Wednesday, December 12, 2007

Why are they surprised?

Labour MEP Michael Cashman was amongst those squawking about a demonstration today in the EU parliament during a "ceremony" marking the signing of the charter of fundamental rights.

Complaining that the MEPs who took part in the protest were behaving like little children, we even went to the trouble of producing a press release which stormed, "These examples of bully boy tactics have no place in Britain, in Europe or in politics. Their actions have brought shame and ridicule on the United Kingdom… they should be thoroughly ashamed of themselves."

Not content with that, the egregious Cashman went on to say, "Their views represent an extremist minority on the fringe of Europe. This is the true reason as to why they have to resort to kicking and screaming like spoilt children or worse."

The action which attracted his wrath was provoked by a speech from Portuguese prime minister Jose Socrates, currently holding the EU presidency, who called the signature of the document "one of the most important events of my political career … a fundamental date in the history of Europe". Eurosceptic MEPs wearing black t-shirts with a white "referendum" sign on them, jeered and booed, brandishing banners in protest and delaying and interrupting the premier's speech several times.

After calling on them to let their "guest" speak, the parliament's president angrily asked them to leave the hemicycle. The protesters stayed however, and after the Portuguese prime minister's speech, they booed the commission president as well.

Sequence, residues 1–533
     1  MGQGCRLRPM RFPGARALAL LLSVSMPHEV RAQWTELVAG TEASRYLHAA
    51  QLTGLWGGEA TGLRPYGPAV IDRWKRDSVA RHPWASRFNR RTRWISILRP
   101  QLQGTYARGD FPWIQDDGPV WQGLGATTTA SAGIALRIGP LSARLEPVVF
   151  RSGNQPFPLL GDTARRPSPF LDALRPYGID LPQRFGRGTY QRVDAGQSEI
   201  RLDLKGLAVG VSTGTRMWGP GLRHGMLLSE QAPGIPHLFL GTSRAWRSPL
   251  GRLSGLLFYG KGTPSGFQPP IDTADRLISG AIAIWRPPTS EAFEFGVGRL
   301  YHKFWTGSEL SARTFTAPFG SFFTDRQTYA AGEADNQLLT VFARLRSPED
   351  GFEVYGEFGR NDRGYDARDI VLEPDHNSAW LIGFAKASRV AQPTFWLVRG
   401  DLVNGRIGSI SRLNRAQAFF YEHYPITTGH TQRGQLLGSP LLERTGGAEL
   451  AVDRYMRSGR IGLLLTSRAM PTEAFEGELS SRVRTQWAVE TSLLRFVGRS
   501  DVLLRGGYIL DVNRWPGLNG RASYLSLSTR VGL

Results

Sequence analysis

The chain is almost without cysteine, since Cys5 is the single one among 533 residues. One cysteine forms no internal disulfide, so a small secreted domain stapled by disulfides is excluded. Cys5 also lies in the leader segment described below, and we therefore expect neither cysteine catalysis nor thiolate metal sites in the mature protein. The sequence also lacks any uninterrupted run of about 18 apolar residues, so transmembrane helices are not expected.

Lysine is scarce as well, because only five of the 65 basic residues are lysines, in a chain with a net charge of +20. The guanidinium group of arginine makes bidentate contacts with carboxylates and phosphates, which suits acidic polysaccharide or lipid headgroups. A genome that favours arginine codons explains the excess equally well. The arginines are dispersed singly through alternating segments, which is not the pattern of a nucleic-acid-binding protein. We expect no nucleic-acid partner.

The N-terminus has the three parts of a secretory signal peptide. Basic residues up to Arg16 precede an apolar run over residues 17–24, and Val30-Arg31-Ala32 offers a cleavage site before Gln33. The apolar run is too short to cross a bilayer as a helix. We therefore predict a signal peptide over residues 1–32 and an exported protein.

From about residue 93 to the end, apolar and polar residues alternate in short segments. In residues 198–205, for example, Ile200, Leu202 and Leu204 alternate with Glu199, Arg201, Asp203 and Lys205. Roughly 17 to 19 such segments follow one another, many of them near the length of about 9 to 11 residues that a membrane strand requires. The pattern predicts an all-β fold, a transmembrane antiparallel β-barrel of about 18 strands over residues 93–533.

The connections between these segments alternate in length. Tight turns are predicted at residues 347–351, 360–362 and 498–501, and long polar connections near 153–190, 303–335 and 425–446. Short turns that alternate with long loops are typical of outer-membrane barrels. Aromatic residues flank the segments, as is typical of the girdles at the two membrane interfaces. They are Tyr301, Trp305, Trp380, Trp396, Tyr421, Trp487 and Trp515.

The protest was actually initiated by the Group of the European United Left - Nordic Green Left (GUE/NGL), which does not view itself as Eurosceptic but which wanted referendums on the treaty but it was joined enthusiastically UKIP MEPs led by Nigel Farage. The Services immediately turned off the television coverage of the incident, leading Farage to comment that, "This is the new EU in action, showing the world a united face as they steam-roll towards their own super-state while totally refusing to allow anyone to see a different point of view."

The president of the EU parliament Hans-Gert Pöttering called the scene an "unfortunate sideshow", one that had UK Labour MEP Arlene McCarthy sniffing that "Waving banners demanding a referendum is a pointless exercise". Others took more direct action and one member of the European People's Party (to which the Conservatives still belong) dragged a female observer from the Independence and Democracy Group out of the chamber and demanded her camera, which showed footage of the protest.

So far, none of that footage has appeared but the BBC managed to cover the event for posterity (top left), which shows Roger Helmer holding one of the banners. And, childish though the "colleagues" might have thought it, when they treat their own peoples which such contempt, they should not be at all surprised when their hubris provokes the only natural – and necessary – response.

Daniel Hannan also has a go.

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